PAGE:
Category Archives: Race
1. Conor Friedersdorf, The Brutality of Police Culture in Baltimore, The Atlantic, Apr. 22, 2015.
2. Ta-nehisi Coates, Nonviolence as Compliance, The Atlantic, Apr. 27, 2015.
(And for ongoing coverage: Baltimore City Paper’s link is here, http://www.citypaper.com/).
New Article: “States’ Rights, Welfare Rights, and the ‘Indian Problem': Negotiating Citizenship and Sovereignty, 1935-1954″
New Article: Karen M. Tani, States’ Rights, Welfare Rights, and the ‘Indian Problem': Negotiating Citizenship and Sovereignty, 1935-1954, Law and History Review forthcoming 2015. Abstract below:
Starting in the 1940s, American Indians living on reservations in Arizona and New Mexico used the Social Security Act of 1935 to assert unprecedented claims within the American federal system: as U.S. and state citizens, they claimed federally subsidized state welfare payments, but as members of sovereign nations, they denied states the jurisdiction that historically accompanied such beneficence. This article documents their campaign, and the fierce resistance it provoked, by tracing two legal episodes. In 1948, through savvy use of both agencies and courts, and with aid from former government lawyer Felix Cohen, reservation Indians won welfare benefits and avoided accompanying demands for state jurisdiction; the states, in turn, extracted a price–higher subsidies–from the federal government. Arizona officials re-opened the dispute in 1951, by crafting a new welfare program that excluded reservation Indians and suing the federal government for refusing to support it. The 1954 dismissal of the case was a victory for Indians, but also leant urgency to efforts to terminate their anomalous status. Together these episodes illustrate the disruptive citizenship claims that became possible in the wake of the New Deal and World War Two, as well as the increasingly tense federal-state negotiations that followed.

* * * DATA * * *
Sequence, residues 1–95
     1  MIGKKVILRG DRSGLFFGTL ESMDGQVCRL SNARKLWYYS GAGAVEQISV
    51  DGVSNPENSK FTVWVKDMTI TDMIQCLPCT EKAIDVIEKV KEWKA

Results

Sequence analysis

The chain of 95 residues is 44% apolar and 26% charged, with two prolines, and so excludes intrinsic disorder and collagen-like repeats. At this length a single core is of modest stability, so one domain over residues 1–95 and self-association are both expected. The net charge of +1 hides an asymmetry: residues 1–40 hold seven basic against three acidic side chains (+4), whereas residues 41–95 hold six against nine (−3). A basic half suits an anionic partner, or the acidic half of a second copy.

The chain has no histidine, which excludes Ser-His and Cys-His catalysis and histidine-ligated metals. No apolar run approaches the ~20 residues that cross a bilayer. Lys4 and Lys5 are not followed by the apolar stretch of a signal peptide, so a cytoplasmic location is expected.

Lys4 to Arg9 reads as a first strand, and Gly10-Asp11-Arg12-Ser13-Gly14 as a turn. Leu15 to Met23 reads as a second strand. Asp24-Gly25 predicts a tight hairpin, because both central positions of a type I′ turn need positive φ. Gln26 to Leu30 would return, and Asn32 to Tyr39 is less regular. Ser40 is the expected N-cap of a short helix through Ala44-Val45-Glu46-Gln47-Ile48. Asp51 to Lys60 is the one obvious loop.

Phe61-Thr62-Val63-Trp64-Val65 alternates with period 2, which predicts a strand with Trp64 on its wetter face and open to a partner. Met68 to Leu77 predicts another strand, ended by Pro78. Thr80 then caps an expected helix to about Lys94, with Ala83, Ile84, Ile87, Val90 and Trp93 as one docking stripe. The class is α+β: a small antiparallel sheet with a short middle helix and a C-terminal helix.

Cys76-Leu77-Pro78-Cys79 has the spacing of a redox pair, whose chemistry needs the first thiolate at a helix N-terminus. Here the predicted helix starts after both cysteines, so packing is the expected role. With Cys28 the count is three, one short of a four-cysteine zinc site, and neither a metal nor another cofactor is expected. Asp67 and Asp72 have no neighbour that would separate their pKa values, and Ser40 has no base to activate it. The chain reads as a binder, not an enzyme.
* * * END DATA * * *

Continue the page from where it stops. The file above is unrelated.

Here, at the bottom of the page and links below as well.
New Report: “Here We Go Again: Communities of Color, the Foreclosure Crisis, and Loan Servicing Failures”
New Report: MFY Legal Services & the ACLU, Here We Go Again: Communities of Color, the Foreclosure Crisis, and Loan Servicing Failures (2015).
New Article: ““Continually Reminded of Their Inferior Position”: Social Dominance, Implicit Bias, Criminality, and Race”
New Article: Darren Lenard Hutchinson, “Continually Reminded of Their Inferior Position”: Social Dominance, Implicit Bias, Criminality, and Race, 46 Wash. U. J.L. & Pol’y 23 (2014). Abstract below:
This Article contends that implicit bias theory has improved contemporary understanding of the dynamics of individual bias. Implicit bias research has also helped to explain the persistent racial disparities in many areas of public policy, including criminal law and enforcement. Implicit bias theory, however, does not provide the foundation for a comprehensive analysis of racial inequality. Even if implicit racial biases exist pervasively, these biases alone do not explain broad societal tolerance of vast racial inequality. Instead, as social dominance theorists have found, a strong desire among powerful classes to preserve the benefits they receive from stratification leads to collective acceptance of group-based inequality. Because racial inequality within criminal law and enforcement reinforces the vulnerability of persons of color and replicates historical injuries caused by explicitly racist practices, legal theorists whose work analyzes the intersection of criminality and racial subordination could find that social dominance theory allows for a rich discussion of these issues.
Conference Agenda, Mid-Atlantic People of Color Conference, Jan 29-31, 2015 at West Virginia University
For those in the area, this conference has numerous poverty related talks: MAPOC 2015 Agenda | College of Law | West Virginia University.